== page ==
It should be noted that the entropy of an extremal region can be easily calculated, because extremal regions are formed by sorted intensity; thus only subset of intensity is under consideration for each region. Here we show how to compute the average entropy in an incremental way.
Considering as an extremal region with maximal intensity and its direct parent in the nest . ’s intensity histogram can be represented as . Because contains , besides , there is additional intensity histogram . Entropy and area can be calculated as follows.(1)Area of : .(2)Area of : .(3)Entropy of : .(4)Entropy of : .
We can see that, with intensity growing up, maximal intensity, area, and entropy all increase. Considering a simple case which often occurs, , which means that the parent region does not contain other subregions except . Then there is a simple relationship between the average entropy:
It is easy to see that we can infer from in a simple way.
In order to demonstrate the repeatability and time performance of our method when dealing with blurring, we compare it with the original MSER method, using open-source code provided at . We use the 6 blurred images (bike set) provided by the popular Oxford dataset  for test. This blurred sequence is acquired by varying the camera focus [20, 21].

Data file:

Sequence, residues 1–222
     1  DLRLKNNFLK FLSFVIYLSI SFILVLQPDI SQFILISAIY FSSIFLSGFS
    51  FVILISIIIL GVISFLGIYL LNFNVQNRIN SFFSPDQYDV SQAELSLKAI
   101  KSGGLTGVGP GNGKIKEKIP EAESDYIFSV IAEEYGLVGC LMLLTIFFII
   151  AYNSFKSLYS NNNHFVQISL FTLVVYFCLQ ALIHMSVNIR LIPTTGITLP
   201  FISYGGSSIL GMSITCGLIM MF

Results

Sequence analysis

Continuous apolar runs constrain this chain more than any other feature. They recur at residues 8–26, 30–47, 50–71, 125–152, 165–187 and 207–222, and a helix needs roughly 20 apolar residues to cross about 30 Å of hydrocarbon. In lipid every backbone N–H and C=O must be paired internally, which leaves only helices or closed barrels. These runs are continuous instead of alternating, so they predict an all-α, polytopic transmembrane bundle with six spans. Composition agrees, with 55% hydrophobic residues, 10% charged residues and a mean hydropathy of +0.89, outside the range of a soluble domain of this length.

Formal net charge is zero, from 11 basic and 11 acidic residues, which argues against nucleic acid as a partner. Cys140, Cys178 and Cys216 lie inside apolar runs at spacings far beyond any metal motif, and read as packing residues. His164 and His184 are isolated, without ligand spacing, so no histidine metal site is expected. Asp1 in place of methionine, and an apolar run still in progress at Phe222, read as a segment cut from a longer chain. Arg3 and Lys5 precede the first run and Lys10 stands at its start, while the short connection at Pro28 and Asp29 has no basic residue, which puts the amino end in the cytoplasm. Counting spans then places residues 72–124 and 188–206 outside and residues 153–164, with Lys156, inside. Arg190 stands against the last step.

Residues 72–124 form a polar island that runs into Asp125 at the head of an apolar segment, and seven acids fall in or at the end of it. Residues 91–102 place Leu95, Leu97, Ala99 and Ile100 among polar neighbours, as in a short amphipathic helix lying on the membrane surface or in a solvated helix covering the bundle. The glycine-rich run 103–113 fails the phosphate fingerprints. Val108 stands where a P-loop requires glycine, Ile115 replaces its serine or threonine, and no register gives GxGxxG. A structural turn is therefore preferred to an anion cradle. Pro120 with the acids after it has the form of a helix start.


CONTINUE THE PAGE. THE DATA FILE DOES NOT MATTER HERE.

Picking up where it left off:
3.1. Repeatability Test
Here we show the results on the images for better comparison, as in Figure 2. We can see from Figure 2 that the main detection difficulties lie on the part where the intensity of the foreground is similar to the background, like the parts of the bike, and blurring makes things worse. Results show that our entropy-based MSER could successfully detect this kind of regions, which will consequentially improve detection repeatability. Furthermore, the number of detected features is greatly increased, which is desirable in the matching and recognition stages.